And of course, there is my grandparents’ budding relationship, which my grandfather documented from its earliest days. There’s a photo of grandmother which my grandfather was sending home to his parents, as a way of introducing them to the girl he wanted to marry. “The Rose of Glamorgan” he calls her in a note on the back of the print.
The album documents a great coming-of-age journey. When my grandfather left home he was a teenager, not that long out of high school. In one of the earliest photos, he poses in front of his parents’ house in his new air force uniform, trying to affect the look of a serious soldier. He’s 19, but looks even younger, and his jacket hangs off his thin frame like he’s dressing up in someone else’s clothes.
In snap after snap, you see him growing up to become a dashing airman, dating girls and going up to London with his mates.
His sense of humour – quick, and creative and sometimes corny – is on full display in the captions scrawled on the backs of each photo.
He and his friends are described with an ever-changing array of nicknames like Pruneface and Gabby and Tubby and Two-Gun. Pictures of them in full combat equipment are labelled “The Commando Quartet,” and “In fightin’ mood or something”.
In these photos, I see elements of modern-day posts on Instagram or Facebook. Eighty years ago, at the height of the war, 21-year-olds were already taking goofy snaps of their friends while at the pub, or out for a bike ride, and trying to come up with a clever photo caption.
The photos also show that he and a large group of friends from his unit went up to London several times on leave, young men on lads’ trips to the capital.
And yet there are, especially in these London photos, jarring reminders that Britain was a war zone.
In my mind, my grandfather’s war stories tended towards the light-hearted. Maybe they were edited for my young ears.
Now, as I sit in my London flat and look through these old photos of the city I know so well, I am struck by the unrelenting signs of danger and death at every turn.
Trafalgar Square is almost empty. The base of Nelson’s Column is wrapped in advertisements for war bonds. The King’s Guards at Buckingham Palace wear khaki fatigues and tin helmets, rather than red coats and bearskin hats.
Blocks of flats have been wrenched open by bombs, the rubble spilling out into courtyards. Children play in a giant crater in Hyde Park. At night, from his hotel room near Paddington Station, my grandfather took photos of German incendiary bombs lighting up the sky, a row of chimneys silhouetted by a ball of flame.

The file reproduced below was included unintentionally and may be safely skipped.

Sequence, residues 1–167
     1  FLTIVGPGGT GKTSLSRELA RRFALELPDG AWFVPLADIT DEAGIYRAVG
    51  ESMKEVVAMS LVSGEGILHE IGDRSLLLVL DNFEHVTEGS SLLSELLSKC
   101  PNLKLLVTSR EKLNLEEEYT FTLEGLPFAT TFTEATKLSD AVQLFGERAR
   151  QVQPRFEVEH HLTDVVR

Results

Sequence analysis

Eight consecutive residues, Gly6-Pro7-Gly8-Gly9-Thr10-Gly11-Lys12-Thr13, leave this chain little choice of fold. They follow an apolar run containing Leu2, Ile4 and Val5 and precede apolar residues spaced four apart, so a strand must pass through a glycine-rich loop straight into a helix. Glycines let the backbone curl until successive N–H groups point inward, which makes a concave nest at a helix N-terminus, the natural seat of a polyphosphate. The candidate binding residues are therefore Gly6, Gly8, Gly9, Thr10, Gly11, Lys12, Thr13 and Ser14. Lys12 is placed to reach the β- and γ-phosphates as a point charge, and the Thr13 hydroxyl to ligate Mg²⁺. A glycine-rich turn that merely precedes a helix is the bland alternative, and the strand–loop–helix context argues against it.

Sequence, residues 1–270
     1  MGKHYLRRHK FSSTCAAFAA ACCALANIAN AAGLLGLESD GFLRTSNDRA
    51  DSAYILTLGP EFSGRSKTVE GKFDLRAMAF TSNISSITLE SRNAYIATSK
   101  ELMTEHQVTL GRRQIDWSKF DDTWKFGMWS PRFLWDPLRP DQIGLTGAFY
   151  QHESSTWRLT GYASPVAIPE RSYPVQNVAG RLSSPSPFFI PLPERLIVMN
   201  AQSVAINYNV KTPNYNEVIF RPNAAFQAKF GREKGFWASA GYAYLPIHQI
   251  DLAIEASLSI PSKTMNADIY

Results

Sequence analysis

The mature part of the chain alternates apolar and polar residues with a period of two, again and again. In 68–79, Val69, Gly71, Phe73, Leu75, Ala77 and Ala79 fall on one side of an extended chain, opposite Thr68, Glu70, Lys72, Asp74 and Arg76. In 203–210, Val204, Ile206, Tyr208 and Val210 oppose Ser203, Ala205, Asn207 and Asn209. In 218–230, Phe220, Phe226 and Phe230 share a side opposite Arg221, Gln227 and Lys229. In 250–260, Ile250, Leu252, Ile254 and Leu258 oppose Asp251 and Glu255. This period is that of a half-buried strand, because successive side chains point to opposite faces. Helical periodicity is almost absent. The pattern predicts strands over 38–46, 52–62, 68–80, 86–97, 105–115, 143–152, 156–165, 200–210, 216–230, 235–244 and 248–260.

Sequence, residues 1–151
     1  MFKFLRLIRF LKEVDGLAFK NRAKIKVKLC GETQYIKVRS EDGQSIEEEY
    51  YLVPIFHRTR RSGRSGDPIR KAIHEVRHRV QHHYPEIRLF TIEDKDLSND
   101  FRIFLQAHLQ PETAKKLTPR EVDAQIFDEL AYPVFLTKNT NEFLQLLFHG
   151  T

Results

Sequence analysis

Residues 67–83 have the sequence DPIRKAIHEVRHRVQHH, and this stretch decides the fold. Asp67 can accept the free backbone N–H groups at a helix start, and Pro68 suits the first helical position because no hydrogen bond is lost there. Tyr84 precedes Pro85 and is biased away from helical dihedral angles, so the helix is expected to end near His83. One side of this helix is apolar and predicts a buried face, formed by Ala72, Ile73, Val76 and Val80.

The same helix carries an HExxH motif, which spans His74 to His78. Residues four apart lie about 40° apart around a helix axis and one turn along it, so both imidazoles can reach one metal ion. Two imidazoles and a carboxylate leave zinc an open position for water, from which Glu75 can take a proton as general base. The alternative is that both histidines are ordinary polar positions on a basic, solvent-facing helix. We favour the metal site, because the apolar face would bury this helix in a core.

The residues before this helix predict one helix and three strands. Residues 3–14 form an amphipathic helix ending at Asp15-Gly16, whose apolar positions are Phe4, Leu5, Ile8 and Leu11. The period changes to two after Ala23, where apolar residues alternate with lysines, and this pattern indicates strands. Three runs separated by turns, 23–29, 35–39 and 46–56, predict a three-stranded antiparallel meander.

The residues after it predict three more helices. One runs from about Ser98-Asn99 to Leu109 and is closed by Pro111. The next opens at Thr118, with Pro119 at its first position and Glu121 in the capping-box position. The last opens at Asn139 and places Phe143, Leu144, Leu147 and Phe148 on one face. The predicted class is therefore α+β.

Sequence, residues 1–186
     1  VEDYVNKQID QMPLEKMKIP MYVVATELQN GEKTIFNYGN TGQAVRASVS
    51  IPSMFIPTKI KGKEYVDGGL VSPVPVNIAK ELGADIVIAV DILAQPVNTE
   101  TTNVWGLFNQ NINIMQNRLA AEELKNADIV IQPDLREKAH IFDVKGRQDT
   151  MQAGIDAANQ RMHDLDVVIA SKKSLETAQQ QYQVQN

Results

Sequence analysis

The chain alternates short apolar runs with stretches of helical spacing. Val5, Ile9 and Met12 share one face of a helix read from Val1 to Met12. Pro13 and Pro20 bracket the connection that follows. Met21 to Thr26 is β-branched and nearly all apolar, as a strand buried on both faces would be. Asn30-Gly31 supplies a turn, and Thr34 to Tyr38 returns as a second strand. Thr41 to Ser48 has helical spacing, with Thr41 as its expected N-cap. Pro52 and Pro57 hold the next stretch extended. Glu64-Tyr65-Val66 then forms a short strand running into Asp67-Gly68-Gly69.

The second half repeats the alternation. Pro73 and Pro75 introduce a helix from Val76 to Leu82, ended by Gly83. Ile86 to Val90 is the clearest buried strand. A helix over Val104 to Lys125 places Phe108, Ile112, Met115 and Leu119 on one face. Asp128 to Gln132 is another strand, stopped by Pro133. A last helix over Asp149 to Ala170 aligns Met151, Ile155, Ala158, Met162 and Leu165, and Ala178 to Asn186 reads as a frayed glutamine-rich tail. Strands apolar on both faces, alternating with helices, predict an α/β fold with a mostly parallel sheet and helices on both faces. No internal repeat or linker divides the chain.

I wonder sometimes why he never showed us his wartime photos. But the album offers a clue – life moved on.
The final images in the book show my grandfather back in Toronto with his wife and infant son, my uncle, born just a few weeks after Victory in Japan.
In the months ahead, my grandparents would buy one of the ubiquitous bungalows built all over North America for returning servicemen. My great-grandparents moved in next door, in a foreshadowing of the tight family unit I grew up in.
My grandfather went to night school and began a long and distinguished career in Canada’s civil service, while my grandmother worked at a department store. Together they raised three boys, moved to the suburbs and lived the embodiment of the post-war dream.
It was a full and bountiful life, and the war made up just one chapter of it.
In that respect, my grandfather is not unique. Hundreds of thousands of men and women went away to war, taking part in one of the most significant events in world history. And then, when it was over, and the lucky ones had come home, they went ahead and lived the rest of their lives.
My grandfather never stopped taking photos, but they were of people and things that arguably mattered more: my dad’s childhood, family parties, summers at the cottage, trips abroad, days my sister and I spent with Grandad.
These were the photos I did see, while the war pictures were kept in the basement. I have no doubt that my grandfather was proud of his war service. But most of all, I think, he was proud of his family.